Bits ‘n’ Pieces: Reverend accepts higher calling



‘God doesn’t make us all the same,” said the Rev. Rick Jaech. “Everybody has different opinions, strengths, desires. We can let that tension and disagreement drive us apart, or we can sit down and talk about it.”

Jaech, 63, was elected June 8 at a conference in Tacoma to a six-year term as bishop of the Southwest Washington Synod of the Evangelical Lutheran Church in America. He begins his new job Aug. 1, and will step down as pastor of Vancouver’s Beautiful Savior Lutheran Church, which he has led for 26 years.

“That’s a long time to be at one church, but I really have appreciated Beautiful Savior and I will miss them all,” he said. Jaech is married to Satya, and they have one son who attends the University of Washington.

Talking through differences has been the theme of Jaech’s pastoral career. The Seattle native started his ministry in the 1970s in San Francisco, where he learned Spanish as fast as he could in order to serve immigrants and refugees fleeing wars in Nicaragua, El Salvador and other Central American hot spots.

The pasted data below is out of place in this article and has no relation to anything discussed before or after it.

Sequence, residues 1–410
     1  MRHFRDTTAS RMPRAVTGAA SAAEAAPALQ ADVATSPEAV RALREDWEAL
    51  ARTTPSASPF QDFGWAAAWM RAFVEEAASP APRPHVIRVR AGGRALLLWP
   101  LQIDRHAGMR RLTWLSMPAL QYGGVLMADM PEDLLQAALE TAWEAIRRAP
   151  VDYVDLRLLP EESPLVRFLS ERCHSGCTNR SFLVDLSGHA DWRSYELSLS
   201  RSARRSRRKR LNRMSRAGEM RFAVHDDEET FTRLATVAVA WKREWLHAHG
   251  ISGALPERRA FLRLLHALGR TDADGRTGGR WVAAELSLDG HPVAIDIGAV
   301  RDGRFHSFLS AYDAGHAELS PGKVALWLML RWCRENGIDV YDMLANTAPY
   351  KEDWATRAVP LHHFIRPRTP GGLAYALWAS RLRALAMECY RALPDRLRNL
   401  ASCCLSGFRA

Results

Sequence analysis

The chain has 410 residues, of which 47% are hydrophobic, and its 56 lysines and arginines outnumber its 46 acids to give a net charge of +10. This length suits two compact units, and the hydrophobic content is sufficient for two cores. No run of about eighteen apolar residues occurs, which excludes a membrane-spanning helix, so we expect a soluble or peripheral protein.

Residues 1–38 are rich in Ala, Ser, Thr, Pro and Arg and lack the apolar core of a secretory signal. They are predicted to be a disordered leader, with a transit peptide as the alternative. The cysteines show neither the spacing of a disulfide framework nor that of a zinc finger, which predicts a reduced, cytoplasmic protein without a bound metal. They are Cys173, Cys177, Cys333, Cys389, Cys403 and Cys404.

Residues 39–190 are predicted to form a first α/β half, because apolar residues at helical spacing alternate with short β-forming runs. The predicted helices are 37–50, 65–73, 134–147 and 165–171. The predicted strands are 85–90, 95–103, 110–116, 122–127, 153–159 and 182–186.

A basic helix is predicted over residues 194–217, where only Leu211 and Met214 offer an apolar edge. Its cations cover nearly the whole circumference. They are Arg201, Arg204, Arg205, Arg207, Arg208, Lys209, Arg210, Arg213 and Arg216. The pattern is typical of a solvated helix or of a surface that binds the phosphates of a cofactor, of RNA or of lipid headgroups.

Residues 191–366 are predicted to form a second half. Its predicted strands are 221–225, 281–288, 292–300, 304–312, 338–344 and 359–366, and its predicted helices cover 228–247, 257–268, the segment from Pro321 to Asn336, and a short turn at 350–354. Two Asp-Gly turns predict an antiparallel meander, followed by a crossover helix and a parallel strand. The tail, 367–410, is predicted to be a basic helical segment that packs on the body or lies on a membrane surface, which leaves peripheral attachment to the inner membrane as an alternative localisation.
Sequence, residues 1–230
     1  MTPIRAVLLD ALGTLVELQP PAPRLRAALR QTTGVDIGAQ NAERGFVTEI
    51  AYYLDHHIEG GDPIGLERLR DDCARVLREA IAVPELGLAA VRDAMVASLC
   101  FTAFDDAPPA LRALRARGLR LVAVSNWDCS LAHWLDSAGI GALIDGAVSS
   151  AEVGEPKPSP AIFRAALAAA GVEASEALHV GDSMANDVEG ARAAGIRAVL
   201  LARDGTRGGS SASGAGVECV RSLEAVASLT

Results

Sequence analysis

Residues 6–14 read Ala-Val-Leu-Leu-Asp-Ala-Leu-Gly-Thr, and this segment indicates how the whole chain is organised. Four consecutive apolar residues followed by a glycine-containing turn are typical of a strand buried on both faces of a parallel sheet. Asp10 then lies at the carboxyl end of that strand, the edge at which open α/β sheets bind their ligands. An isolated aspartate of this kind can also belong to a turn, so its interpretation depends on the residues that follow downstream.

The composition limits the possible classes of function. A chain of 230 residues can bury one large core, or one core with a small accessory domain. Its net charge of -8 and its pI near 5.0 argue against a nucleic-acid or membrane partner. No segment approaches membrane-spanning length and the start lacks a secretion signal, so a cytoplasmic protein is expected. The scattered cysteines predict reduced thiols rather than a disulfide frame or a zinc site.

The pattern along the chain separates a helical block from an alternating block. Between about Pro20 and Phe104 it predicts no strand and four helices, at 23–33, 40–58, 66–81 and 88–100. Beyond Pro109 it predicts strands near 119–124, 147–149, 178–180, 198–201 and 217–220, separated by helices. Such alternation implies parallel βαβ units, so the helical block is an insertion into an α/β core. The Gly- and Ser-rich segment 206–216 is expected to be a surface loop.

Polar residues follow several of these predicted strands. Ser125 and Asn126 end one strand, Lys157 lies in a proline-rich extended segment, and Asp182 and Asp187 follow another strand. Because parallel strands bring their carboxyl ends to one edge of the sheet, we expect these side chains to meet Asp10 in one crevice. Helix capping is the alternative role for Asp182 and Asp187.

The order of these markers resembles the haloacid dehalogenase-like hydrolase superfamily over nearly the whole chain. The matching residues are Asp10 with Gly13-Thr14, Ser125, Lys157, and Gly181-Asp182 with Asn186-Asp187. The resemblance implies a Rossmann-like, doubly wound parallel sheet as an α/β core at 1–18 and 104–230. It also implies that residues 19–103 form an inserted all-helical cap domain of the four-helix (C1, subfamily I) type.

“It was a learning experience about how the church could be most helpful to them and how a Lutheran pastor could relate primarily to people with a Roman Catholic background,” Jaech said.

He helped found the San Francisco Organizing Project, a citywide coalition of faith communities and labor unions that still works toward social justice for the poor.

Jaech came to Vancouver in 1987 to lead Beautiful Savior. A few years ago he launched monthly dialogue sessions between his church and some very different faith groups — namely the Jewish Congregation Kol Ami and the Islamic Society of Southwest Washington — that lasted for two years and explored their similarities as well as differences.

“For a variety of reasons,” he said, “historical events have created barriers and distrust, but when we actually sit and talk we are delighted to discover real people of faith who have common desires to serve God and the world.”

In addition to his master of divinity degree from the Lutheran School of Theology in Chicago, Jaech also earned a master of conflict facilitation and organizational change from the Process Work Institute in Portland. He just published a book called “Transforming Church Conflict: A Guide for Pastors and Leaders.” Visit to learn more.

Now, as bishop of the Southwest Washington Synod, Jaech will oversee 95 ELCA congregations, from Tacoma to the Oregon border and the Cascade Mountains to the Pacific Ocean. In considering the future of such a large and diverse region, Jaech said he’s aware that young people today are less attached to Sunday mornings with particular denominations, and more interested in service work that makes meaningful connections.

“My way of working is to get people together,” he said.

— Scott Hewitt

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